So, this is how the Government will navigate the economic policy amid the Covid-19 pandemic situation. Indonesia must recover but not only recover but must build back better and rise towards a better Indonesian economic transformation so we can escape the middle-income trap before 2045.  

 

Q: With the Covid-19 pandemic that caused a significant setback, what would be the new timeline to achieve Indonesia's Vision 2045?

A: In the initial 2045 Indonesia Vision, we aspire to become a developed country by 2036 if our economy grows an average of 5.7% per year from 2020-2045. Of course, with the Covid-19 pandemic, the timeline has been revised, but we have to uphold our goal. In this case, if we can achieve high economic growth on average of 5,7% - 6% per year, we can escape the middle-income trap by 2041-2043. Starting in 2022, we will encourage investment and exports as the key driver to achieve high economic growth. 

 

Q: What would be the strategies and policies to improve Indonesia exports?

A: We have two main strategies to improve our exports. First, we need to shift our export structure from commodity-based to product export with high added value. Second, we need to strengthen the supply and demand of our exports.

Currently, Indonesia’s exports depend on two commodities, crude palm oil (CPO) and coal. Indonesia should no longer rely on non-processed commodity export whose prices are highly dependent on fluctuations of commodity prices in international markets. In that case, we only act as price takers, not price makers. This is certainly not good for the Indonesian economy because it is very vulnerable to market price volatility.

Therefore, our efforts are shifting to more downstream products. We have done this mainly for mining goods, such as nickel, bauxite and copper. We process the commodity in Indonesia then we export it. Evidence indicates that the provinces with downstream production, such as nickel in Morowali and Teluk Weda industrial estate, managed to have positive economic growth during the pandemic while other provinces experienced negative economic growth. If we can produce downstream products, we become price makers.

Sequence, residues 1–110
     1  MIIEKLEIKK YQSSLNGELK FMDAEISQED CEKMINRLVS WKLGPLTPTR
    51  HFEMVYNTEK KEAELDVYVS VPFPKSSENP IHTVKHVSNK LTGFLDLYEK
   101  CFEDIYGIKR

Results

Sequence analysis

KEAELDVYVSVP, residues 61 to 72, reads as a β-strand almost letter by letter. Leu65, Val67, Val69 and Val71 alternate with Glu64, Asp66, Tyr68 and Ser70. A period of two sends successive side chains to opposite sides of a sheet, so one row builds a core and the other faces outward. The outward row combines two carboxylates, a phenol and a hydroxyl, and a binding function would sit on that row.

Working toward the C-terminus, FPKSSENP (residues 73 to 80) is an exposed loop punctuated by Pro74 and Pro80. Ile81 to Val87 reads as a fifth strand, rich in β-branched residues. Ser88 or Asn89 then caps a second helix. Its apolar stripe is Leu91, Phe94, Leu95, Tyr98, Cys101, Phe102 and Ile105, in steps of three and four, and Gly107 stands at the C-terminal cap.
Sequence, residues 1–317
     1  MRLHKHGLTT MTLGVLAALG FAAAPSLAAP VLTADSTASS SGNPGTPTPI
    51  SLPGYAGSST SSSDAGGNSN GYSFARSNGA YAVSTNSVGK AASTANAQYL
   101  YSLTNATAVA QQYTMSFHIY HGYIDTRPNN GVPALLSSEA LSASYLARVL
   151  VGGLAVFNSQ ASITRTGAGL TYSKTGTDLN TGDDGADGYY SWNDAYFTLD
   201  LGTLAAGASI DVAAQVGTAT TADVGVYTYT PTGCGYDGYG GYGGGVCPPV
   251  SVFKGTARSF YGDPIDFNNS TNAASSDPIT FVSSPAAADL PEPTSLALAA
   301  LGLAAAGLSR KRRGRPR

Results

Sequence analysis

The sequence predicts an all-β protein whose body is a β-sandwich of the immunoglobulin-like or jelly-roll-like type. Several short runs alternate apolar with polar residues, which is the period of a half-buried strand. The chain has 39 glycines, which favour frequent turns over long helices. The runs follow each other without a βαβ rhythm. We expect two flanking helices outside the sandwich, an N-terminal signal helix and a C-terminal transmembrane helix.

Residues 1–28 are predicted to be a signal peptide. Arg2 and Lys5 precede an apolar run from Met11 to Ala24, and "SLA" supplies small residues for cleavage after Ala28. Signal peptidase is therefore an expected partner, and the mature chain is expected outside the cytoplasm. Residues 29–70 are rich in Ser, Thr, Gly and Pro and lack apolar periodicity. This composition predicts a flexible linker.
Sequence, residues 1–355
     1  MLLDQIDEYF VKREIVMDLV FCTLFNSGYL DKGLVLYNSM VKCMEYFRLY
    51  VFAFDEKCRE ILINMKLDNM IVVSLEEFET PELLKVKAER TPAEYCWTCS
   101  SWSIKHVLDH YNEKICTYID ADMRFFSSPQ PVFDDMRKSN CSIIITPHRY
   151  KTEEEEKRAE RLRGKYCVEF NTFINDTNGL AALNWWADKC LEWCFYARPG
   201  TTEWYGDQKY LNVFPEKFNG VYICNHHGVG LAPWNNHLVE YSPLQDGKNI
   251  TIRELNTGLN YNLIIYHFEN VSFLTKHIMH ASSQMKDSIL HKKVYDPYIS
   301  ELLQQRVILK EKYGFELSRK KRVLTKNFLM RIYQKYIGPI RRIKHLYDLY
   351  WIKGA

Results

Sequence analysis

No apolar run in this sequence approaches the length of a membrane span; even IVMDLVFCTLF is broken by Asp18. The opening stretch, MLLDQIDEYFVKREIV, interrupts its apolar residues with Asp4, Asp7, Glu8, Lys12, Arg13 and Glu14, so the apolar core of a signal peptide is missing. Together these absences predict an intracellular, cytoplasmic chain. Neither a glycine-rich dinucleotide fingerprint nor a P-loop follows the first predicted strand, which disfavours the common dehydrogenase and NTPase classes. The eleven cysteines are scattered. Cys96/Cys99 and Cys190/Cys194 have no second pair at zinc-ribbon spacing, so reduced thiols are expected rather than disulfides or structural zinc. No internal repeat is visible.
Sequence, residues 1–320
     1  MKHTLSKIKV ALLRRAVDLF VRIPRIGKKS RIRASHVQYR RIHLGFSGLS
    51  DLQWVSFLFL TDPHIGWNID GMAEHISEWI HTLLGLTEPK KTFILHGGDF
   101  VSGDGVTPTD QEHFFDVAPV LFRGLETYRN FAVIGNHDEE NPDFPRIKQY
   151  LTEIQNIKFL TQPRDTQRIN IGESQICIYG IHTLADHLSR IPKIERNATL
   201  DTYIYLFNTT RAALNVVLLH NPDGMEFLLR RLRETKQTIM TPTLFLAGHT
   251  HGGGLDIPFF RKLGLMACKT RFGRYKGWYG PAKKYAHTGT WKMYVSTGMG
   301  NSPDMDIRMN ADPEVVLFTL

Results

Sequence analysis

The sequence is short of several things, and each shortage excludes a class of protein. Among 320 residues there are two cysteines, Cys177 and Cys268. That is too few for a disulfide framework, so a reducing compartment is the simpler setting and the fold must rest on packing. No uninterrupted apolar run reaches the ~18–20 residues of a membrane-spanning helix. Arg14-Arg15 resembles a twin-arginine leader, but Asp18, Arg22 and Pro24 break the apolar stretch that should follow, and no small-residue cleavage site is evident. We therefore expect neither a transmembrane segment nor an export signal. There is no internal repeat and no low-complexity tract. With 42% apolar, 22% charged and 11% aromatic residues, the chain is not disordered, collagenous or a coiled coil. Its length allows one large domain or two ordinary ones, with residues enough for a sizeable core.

Through manufacture, we can create jobs for our society and create a multiplier effect in our economy. The manufacturing value chain is extraordinary because it drives the primary sector as well as the supporting sectors. This is what we call forward and backward linkages.

 

Strengthening the Export Supply and Demand 

We have several strategies to strengthen the supply side. First, we need to improve productivity in human resources and industry to increase price competitiveness. Second, increasing access to raw material supply to make it more competitive as well. Third, we need to encourage our exporters to create innovations, leveraging information technology and research and development to expand the range our export products. Fourth, we need to improve the harmonisation of regulations and business climate to make it more exporter friendly. And the last is to improve access to finance for exporters and encourage export investment.

There are several strategies to improve the demand side. First, we need to optimise our existing FTAs/CEPAs to enhance market access for our exporters. Then we need to improve the quality standard of our export to meet with international market requirements. We also need to disseminate information to our SMEs on export markets, especially those with limited access and information. Also, we need to broaden our market to the growing non-traditional market, such as Africa and the Middle East. 

In terms of the EU market, we need to optimise the I-EU CEPA and improve our market access to all EU countries, including Eastern and South European countries.   

This is where ARISE+ Indonesia plays an important role to support the capacity building of the Government of Indonesia in trade competitiveness to boost export becoming prime movers of Indonesia's economic growth in the future.